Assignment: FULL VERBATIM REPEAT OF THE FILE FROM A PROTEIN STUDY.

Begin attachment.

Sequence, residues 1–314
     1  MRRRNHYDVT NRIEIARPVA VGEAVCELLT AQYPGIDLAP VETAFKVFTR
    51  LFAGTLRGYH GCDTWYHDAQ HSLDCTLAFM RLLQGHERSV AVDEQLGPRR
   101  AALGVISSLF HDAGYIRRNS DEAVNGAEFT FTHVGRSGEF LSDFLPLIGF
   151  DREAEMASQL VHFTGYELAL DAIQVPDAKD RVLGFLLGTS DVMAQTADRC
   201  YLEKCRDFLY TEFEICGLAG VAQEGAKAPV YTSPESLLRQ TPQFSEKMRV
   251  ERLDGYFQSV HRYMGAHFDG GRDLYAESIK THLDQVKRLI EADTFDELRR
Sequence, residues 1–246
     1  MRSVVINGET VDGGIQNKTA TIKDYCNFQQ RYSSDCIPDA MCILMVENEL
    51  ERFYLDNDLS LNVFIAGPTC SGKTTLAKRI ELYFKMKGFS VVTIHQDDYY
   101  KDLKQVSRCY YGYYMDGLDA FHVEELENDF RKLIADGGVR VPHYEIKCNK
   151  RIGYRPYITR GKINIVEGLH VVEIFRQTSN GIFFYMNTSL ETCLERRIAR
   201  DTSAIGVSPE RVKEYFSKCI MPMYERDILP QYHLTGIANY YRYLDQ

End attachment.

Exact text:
Sequence, residues 1–314
     1  MRRRNHYDVT NRIEIARPVA VGEAVCELLT AQYPGIDLAP VETAFKVFTR
    51  LFAGTLRGYH GCDTWYHDAQ HSLDCTLAFM RLLQGHERSV AVDEQLGPRR
   101  AALGVISSLF HDAGYIRRNS DEAVNGAEFT FTHVGRSGEF LSDFLPLIGF
   151  DREAEMASQL VHFTGYELAL DAIQVPDAKD RVLGFLLGTS DVMAQTADRC
   201  YLEKCRDFLY TEFEICGLAG VAQEGAKAPV YTSPESLLRQ TPQFSEKMRV
   251  ERLDGYFQSV HRYMGAHFDG GRDLYAESIK THLDQVKRLI EADTFDELRR
Sequence, residues 1–246
     1  MRSVVINGET VDGGIQNKTA TIKDYCNFQQ RYSSDCIPDA MCILMVENEL
    51  ERFYLDNDLS LNVFIAGPTC SGKTTLAKRI ELYFKMKGFS VVTIHQDDYY
   101  KDLKQVSRCY YGYYMDGLDA FHVEELENDF RKLIADGGVR VPHYEIKCNK
   151  RIGYRPYITR GKINIVEGLH VVEIFRQTSN GIFFYMNTSL ETCLERRIAR
   201  DTSAIGVSPE RVKEYFSKCI MPMYERDILP QYHLTGIANY YRYLDQ